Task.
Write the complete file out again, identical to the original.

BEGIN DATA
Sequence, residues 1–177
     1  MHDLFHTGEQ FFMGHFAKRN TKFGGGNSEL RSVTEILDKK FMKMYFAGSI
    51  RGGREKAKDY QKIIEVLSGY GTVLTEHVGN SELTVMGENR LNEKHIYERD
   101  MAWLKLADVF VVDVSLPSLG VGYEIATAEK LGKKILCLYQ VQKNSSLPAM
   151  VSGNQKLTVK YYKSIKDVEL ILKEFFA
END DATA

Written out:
Sequence, residues 1–177
     1  MHDLFHTGEQ FFMGHFAKRN TKFGGGNSEL RSVTEILDKK FMKMYFAGSI
    51  RGGREKAKDY QKIIEVLSGY GTVLTEHVGN SELTVMGENR LNEKHIYERD
   101  MAWLKLADVF VVDVSLPSLG VGYEIATAEK LGKKILCLYQ VQKNSSLPAM
   151  VSGNQKLTVK YYKSIKDVEL ILKEFFA